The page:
At just 1,200kg, the Jogger is a lightweight in the seven-seater market, which helps with fuel economy, and makes the car feel more agile and manoeuvrable at low speeds than the larger and heavier SUVs further down this list. The Jogger Hybrid is at its absolute best around town, where it pulls away in EV mode, and the electric motors provide enough power to drive smoothly and quietly.
2. Skoda Kodiaq
The refreshed Skoda Kodiaq scooped our Large SUV of the Year award in 2022 and 2023, thanks to the versatile Czech machine’s winning combination of practicality, value, surprising agility and hushed refinement. It received some styling tweaks and a slightly more premium-feeling cabin as part of a facelift in 2021, but happily, the rest of the Kodiaq was left largely unchanged.
At the heart of the Kodiaq’s appeal is its spacious and versatile interior, with all but the base model fitted with seven seats. It’s also packed with lots of Skoda’s thoughtful ‘Simply Clever’ touches, including the umbrellas stored in the front doors, a double-decker glovebox and an ice-scraper behind the fuel-filler door.
Comfort and refinement are also excellent, while the big Skoda feels far more agile and precise to drive than its exterior dimensions suggest. There’s no electrified option, but the petrol and diesel engines are smooth, eager and efficient, plus four-wheel drive is available as an option. In short, the Skoda Kodiaq has all the family SUV bases covered.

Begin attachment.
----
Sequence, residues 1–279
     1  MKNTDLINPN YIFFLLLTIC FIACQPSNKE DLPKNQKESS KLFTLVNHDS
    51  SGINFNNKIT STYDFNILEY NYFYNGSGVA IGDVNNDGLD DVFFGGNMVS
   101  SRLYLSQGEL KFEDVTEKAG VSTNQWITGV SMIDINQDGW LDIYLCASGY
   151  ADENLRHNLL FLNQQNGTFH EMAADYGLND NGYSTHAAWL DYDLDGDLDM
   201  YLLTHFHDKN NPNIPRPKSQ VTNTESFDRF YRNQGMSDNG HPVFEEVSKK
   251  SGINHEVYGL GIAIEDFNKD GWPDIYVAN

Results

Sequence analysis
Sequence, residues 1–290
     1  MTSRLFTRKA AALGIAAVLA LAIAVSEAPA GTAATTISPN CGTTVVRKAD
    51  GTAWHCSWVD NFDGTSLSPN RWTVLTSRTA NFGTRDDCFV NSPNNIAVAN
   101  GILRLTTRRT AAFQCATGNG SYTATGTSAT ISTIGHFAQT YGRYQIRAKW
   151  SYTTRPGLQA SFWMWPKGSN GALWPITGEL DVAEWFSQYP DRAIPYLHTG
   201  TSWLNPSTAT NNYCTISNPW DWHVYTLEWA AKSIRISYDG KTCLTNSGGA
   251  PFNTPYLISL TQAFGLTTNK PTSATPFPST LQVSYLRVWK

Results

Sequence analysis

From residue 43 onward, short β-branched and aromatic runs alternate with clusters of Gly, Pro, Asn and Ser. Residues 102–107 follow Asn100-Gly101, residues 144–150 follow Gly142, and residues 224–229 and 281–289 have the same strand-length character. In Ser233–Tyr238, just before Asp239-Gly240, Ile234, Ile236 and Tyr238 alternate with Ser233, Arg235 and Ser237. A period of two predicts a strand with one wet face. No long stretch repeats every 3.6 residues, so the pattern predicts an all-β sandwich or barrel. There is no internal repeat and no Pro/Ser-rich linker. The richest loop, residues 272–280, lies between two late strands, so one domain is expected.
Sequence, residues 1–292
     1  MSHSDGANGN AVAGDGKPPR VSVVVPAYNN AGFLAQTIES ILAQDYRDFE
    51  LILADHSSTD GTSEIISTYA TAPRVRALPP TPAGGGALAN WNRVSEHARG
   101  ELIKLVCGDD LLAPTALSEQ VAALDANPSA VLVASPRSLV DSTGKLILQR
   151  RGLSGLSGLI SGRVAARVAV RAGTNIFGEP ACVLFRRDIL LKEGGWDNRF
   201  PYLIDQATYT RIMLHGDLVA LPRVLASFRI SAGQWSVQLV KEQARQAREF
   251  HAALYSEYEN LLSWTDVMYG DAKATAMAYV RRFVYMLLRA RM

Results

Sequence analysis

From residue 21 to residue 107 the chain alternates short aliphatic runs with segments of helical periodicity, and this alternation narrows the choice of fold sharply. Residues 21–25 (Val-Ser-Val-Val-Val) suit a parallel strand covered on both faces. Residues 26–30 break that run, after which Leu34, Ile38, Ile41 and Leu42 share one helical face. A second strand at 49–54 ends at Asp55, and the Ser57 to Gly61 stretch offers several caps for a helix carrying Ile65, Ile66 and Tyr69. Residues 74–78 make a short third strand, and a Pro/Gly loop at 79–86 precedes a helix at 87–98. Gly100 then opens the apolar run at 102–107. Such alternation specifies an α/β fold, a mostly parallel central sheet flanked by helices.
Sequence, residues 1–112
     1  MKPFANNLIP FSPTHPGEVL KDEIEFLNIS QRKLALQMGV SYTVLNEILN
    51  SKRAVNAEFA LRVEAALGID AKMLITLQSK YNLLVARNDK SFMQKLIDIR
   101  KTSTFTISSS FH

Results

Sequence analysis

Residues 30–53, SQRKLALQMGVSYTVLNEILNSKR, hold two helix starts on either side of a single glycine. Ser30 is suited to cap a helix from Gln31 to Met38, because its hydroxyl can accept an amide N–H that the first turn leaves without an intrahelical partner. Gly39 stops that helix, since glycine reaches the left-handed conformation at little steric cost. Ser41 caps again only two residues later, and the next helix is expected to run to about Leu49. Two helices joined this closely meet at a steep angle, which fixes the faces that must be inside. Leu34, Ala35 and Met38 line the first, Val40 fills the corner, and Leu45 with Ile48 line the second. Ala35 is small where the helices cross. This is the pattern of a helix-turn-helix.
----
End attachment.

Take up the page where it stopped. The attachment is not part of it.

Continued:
3. Kia EV9
We were blown away by the all-electric Kia EV9 when we drove it in South Korea earlier this year, and have no doubt it’s going to be a smash hit when it reaches British shores in the coming months. Kia has been moving more upmarket in recent years, but the EV9’s interior quality and materials are the best we’ve seen from the brand, and it’ll be the most striking-looking car on the school run by far.
The cabin looks equally modern, but it appears plenty of family-friendly thinking has gone into the design, too. Visibility is excellent, there’s storage everywhere and myriad USB ports so everyone from the first to the third row can keep their devices topped up. There’s acres of legroom, too, thanks in part to a completely flat floor, with enough space in the rearmost seats to accommodate six-foot adults.
You get 333 litres of boot space when all seven seats are in use, or 828 litres when the back row is folded down. There’s also up to 90 litres of extra storage space under the bonnet. Kia says the EV9 can cover up to 336 miles on a single charge, and when the battery runs low you can add 149 miles of range in just 15 minutes using a 350kW ultra-rapid charger. Put simply, this is the all-electric seven-seater all others will now have to beat.
4. Kia Sorento
If you’re not quite ready to make the switch to electric, then Kia’s other seven-seater is another exceptional contender in this class. Featuring distinctive looks, an upmarket interior, more tech than a Currys superstore and a selection of efficient powertrains, the big Korean is a firm Auto Express favourite.